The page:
TEXTILE EXHANGE RELEASES 2023 MATERIALS BENCHMARK REPORT

Global non-profit Textile Exchange has unveiled its 2023 Materials Benchmark reports, which shows the advancements made by both brands and suppliers in sourcing more sustainable materials.

With 394 participating brands and retailers, as well as 52 suppliers and manufacturers, Textile Exchange’s Materials Benchmark stands as the fashion, textile, and apparel industry’s most extensive peer-to-peer comparison initiative.

The program offers a standardised framework, fostering consistency in sustainability reporting at the materials level by tracking the adoption of preferred fibers and raw materials. It also assesses companies’ approaches to circularity, biodiversity, land, freshwater, and forests.

Key trends for brands and retailers

  • Participants are expanding their sustainability strategies for raw materials, with 95 percent incorporating sustainability strategies into their operations.
  • Brands are beginning to address climate impacts through goal setting and risk assessment, with 64 percent setting science-based targets for climate.
  • Sustainability programs and standards are considered accessible solutions, but further progress is needed in transitioning key materials to preferred sources.
  • A more circular economy requires additional progress, with 50 percent of participants taking action to decouple value creation from new raw material extraction.
  • Improved visibility to the countries of origin for fibers and raw materials is crucial, as 80 percent of participants lack traceability to the raw materials’ origin.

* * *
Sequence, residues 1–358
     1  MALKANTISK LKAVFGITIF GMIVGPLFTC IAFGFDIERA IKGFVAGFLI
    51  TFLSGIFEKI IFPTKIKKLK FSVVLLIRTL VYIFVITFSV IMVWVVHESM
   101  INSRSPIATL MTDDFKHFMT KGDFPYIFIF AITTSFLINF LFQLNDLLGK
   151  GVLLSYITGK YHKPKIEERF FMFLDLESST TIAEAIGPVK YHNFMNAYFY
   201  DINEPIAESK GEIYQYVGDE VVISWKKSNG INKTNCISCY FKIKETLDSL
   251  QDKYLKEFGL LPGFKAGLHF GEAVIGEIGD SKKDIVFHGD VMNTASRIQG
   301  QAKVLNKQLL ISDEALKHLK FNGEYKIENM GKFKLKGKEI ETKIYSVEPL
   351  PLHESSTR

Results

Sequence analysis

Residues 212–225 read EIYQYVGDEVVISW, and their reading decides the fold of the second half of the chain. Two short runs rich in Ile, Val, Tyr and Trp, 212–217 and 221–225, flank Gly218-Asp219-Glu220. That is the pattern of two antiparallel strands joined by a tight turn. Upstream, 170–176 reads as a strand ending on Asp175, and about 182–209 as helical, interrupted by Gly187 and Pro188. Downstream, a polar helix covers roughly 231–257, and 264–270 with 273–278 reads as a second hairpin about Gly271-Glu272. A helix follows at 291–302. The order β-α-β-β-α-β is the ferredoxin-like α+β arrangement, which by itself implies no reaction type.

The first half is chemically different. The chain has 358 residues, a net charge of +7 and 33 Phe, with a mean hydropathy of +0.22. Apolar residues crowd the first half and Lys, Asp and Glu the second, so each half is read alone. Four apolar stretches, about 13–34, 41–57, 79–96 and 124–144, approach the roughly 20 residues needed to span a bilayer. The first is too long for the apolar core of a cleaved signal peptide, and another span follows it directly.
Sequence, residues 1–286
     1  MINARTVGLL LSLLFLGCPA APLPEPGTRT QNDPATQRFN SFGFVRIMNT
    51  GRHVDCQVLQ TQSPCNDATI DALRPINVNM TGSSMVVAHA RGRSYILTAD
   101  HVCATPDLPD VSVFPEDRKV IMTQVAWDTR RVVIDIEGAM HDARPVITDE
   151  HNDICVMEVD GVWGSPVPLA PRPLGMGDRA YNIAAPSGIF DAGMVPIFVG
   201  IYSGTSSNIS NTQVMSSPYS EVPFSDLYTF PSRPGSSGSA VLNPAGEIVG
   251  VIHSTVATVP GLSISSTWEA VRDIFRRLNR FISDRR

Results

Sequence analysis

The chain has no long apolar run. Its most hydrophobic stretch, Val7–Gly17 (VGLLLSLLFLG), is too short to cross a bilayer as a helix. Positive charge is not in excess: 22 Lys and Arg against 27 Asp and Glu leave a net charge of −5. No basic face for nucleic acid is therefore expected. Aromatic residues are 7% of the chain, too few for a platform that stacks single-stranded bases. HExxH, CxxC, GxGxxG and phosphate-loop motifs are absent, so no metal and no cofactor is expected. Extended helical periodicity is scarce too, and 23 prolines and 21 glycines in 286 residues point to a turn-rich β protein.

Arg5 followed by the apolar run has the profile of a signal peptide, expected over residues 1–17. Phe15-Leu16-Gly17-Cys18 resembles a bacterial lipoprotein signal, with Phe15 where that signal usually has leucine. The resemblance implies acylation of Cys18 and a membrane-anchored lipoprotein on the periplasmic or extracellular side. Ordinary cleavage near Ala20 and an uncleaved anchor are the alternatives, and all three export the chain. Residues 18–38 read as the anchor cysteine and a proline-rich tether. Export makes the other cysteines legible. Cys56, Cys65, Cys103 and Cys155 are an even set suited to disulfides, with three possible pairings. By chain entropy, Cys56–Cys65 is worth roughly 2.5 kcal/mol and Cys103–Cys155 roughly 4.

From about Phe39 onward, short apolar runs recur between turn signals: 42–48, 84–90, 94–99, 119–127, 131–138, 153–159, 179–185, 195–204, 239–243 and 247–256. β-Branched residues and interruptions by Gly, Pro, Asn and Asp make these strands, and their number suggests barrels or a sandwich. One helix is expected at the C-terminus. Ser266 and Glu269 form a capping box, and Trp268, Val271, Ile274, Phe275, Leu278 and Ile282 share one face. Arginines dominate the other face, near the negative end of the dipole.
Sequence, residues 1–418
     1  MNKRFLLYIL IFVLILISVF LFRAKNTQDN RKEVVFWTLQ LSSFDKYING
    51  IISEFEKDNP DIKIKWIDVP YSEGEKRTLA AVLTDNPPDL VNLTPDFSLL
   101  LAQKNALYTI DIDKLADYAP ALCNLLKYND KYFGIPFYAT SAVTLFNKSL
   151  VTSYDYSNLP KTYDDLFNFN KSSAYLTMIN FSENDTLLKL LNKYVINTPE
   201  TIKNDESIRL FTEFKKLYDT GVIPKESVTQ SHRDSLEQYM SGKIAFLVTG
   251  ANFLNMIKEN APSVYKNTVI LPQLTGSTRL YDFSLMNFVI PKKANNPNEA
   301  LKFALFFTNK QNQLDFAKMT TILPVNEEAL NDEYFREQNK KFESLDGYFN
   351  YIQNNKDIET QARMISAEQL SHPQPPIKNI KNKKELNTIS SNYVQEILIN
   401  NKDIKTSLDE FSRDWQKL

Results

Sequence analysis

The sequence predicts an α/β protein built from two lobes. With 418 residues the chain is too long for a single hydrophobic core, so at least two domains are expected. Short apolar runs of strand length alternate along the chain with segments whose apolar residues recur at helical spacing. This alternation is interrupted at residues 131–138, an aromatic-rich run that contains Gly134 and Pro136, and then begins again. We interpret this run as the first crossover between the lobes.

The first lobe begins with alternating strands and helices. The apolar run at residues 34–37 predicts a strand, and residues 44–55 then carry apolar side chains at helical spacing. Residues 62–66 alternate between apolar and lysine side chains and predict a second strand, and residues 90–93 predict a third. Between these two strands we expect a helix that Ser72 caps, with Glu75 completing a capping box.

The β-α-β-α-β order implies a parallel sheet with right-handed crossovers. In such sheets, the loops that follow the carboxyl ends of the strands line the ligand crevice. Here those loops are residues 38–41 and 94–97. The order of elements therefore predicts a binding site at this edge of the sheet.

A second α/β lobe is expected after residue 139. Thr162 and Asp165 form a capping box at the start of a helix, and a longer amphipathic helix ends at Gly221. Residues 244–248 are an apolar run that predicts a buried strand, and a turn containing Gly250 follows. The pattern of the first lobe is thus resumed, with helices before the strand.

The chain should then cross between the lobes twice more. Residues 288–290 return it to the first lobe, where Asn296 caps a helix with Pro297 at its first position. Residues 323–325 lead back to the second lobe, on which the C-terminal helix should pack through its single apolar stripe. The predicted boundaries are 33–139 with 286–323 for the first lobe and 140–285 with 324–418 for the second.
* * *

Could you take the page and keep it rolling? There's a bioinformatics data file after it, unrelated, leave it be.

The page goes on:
Key trends for suppliers and manufacturers

  • Suppliers are establishing strategies for materials sustainability, but risk assessments related to raw materials are lacking.
  • Measuring impacts on climate and nature is a relatively new area, with 25 out of 52 participants addressing this aspect through greenhouse gas calculations and life cycle assessments.

The Textile Exchange highlighted that while participants are increasingly utilizing preferred materials, there is a need for a more targeted emphasis on key fiber types. Preferred raw materials constitute 52 percent of the overall reported materials from suppliers and manufacturers. An additional 5 percent is sourced from recycled materials, with conventional materials making up the remaining 43 percent. Notably, conventional practices still dominate for some widely used fiber types like cotton and polyester. Conversely, materials reported in smaller volumes, such as cashmere, flax, and hemp, predominantly originate from preferred sources.

There is considerable untapped potential for suppliers to take the lead in circular solutions. While progress is being made in developing circularity strategies, the primary focus currently centers on recycling post-consumer waste. However, there exists substantial unexplored potential to further enhance and extend efforts in the realm of circularity.